Cell development in short-term culture assays. ALDHneg CD34+, ALDHbr CD34+, and ALDHbr CD34neg cells were purified from linneg SSClo UCB, as depicted in Figure 1. Two hundred to 1000 purified cells were cultured on STO fibroblasts in the presence of IL-3, IL-7, and IL-15 (n = 10). Cultures initiated with ALDHneg CD34+ cells contained higher percentages of CD56+ lymphoid progeny than did the ALDHbr CD34+ cells (compare panels A and B; see Table 4). Similarly, the ALDHneg CD34+ cell fraction yielded lower percentages of CD13+ myeloid progeny (compare panels D and E). Only 2 cultures initiated with ALDHbr CD34neg cells had growth significant enough to evaluate lineage development, and these gave rise to CD56+ progeny (C,F). The CD56+ progeny of ALDHneg CD34+ (G-I) and ALDHbr CD34+ cells (data not shown) expressed other antigens consistent with NK cells. (J) Relative output of lymphoid cells was higher in cultures initiated with ALDHneg CD34+ cells when compared with paired cultures initiated with ALDHbr CD34+ cells. (K) Conversely, the relative cell output of myeloid cells was higher in cultures initiated with ALDHbr CD34+ cells when compared with paired cultures initiated with ALDHneg CD34+ cells. Estimations for relative cell output are described in “Materials and methods.” (J-K) Each data point represents an average from duplicate cultures.

Discussion

We and others have previously demonstrated that the SSClo ALDHbr UCB was enriched for clonogenic progenitors, progenitors that initiate LTC and NOD/SCID repopulating cells.21,24-26 In all these studies there was substantial, but incomplete, overlap between cells that expressed ALDH and CD34. Therefore, the major focus for the current study was to determine whether the expression of ALDH and CD34 could be used to delineate functionally distinct progenitor cell subsets. To address this question, a variety of assays was used to explore the developmental potentials of 3 distinct and nonoverlapping cell populations: ALDHbr CD34+, ALDHneg CD34+, and ALDHbr CD34neg cells.

In total our analyses suggested that substantial functional distinctions did exist between ALDHbr CD34+, ALDHneg CD34+, and ALDHbr CD34neg cells. ALDHbr CD34+ cells had a high frequency of short- and long-term SRCs. In addition, this cell fraction was highly enriched for cells that initiated primary and secondary LTCs. In contrast, by these same assays, the ALDHneg CD34+ cell subset contained few primitive progenitors. Furthermore, the ALDHbr CD34neg cells did not repopulate NOD/SCID mice or initiate LTC. Thus, the ALDHbr CD34+ cells contained multilineage lymphomyeloid progenitors with an extensive capacity for proliferation.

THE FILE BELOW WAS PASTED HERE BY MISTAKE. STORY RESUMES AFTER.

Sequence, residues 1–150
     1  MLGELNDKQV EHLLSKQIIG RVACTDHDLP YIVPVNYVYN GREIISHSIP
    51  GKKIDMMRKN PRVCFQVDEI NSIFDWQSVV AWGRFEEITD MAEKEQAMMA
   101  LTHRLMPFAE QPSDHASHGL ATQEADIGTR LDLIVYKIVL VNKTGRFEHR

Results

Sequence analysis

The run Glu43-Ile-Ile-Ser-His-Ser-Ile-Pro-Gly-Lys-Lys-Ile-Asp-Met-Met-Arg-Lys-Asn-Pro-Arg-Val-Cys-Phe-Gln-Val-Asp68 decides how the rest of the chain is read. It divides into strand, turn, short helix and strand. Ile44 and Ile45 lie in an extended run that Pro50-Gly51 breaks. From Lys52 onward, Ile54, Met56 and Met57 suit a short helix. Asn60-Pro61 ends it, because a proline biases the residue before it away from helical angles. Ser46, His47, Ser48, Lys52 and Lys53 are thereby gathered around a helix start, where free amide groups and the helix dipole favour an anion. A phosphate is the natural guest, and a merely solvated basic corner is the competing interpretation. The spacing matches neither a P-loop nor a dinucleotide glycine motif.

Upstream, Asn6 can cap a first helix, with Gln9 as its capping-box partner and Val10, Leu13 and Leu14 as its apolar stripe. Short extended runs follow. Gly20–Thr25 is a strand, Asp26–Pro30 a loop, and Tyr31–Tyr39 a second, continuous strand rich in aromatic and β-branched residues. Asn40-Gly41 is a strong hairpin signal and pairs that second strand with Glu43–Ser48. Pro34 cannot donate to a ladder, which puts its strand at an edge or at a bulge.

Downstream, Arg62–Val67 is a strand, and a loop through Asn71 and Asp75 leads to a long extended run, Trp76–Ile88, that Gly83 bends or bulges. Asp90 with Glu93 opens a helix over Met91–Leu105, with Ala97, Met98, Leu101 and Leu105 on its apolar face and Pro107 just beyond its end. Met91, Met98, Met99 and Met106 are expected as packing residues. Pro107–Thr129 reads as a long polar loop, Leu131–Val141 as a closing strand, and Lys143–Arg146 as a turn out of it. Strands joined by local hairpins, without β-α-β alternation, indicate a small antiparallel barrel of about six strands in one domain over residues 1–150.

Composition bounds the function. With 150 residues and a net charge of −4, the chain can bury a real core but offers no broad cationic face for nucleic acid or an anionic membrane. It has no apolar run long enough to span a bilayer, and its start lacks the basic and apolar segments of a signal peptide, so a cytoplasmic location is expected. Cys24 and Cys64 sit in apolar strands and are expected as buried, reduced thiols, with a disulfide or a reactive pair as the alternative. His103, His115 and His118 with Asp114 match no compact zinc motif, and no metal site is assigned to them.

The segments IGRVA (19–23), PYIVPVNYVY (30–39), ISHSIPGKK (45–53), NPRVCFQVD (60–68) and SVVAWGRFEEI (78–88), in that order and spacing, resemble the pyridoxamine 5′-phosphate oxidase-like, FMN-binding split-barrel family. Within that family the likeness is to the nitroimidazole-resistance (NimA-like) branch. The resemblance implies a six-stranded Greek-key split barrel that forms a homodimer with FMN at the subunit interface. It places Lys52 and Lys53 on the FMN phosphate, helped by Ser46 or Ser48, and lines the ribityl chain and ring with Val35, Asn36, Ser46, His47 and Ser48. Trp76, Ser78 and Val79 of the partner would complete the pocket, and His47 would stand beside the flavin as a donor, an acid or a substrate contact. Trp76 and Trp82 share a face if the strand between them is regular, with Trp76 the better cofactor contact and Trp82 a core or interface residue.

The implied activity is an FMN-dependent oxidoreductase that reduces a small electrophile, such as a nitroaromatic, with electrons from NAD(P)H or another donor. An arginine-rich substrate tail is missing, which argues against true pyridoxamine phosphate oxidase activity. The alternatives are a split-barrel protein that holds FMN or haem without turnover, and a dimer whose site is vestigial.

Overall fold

ALDHbr CD34+ and ALDHneg CD34+ cells contained progenitor cells with more limited capacities that could be detected in short-term in vitro assays. ALDHbr CD34+ cells had more than a 2-fold higher content of clonogenic myeloid progenitors when compared with ALDHneg CD34+ cells. Furthermore, ALDHbr CD34+ cells expanded efficiently into myeloid progeny under conditions designed to primarily support NK cell growth. Under the same in vitro culture conditions, ALDHneg CD34+ cells consistently gave rise to more lymphoid progeny than ALDHbr CD34+ cells. Taken together, these studies suggested that, within the CD34+ cell compartment, ALDH is not maintained among short-lived NK progenitors. Finally, as in the studies that characterized primitive hematopoietic cells, the ALDHbr CD34neg cell fraction contained no consistent short-term myeloid or NK progenitor activity. Thus, though it is possible that this cell fraction may contain an NK progenitor, this phenomenon was too inconsistent to draw firm conclusions regarding the developmental potential of ALDHbr CD34neg cells.

Collectively these observations suggest that the expression of ALDH and CD34 can be used to distinguish developmental stages of human hematopoiesis. As suggested by the model depicted in Figure 5, the most primitive hematopoietic cells expressed ALDH and CD34. CD34 expression and ALDH expression are maintained through early myeloid differentiation. However, during lymphoid differentiation, ALDH expression apparently diminishes before the loss of CD34 expression.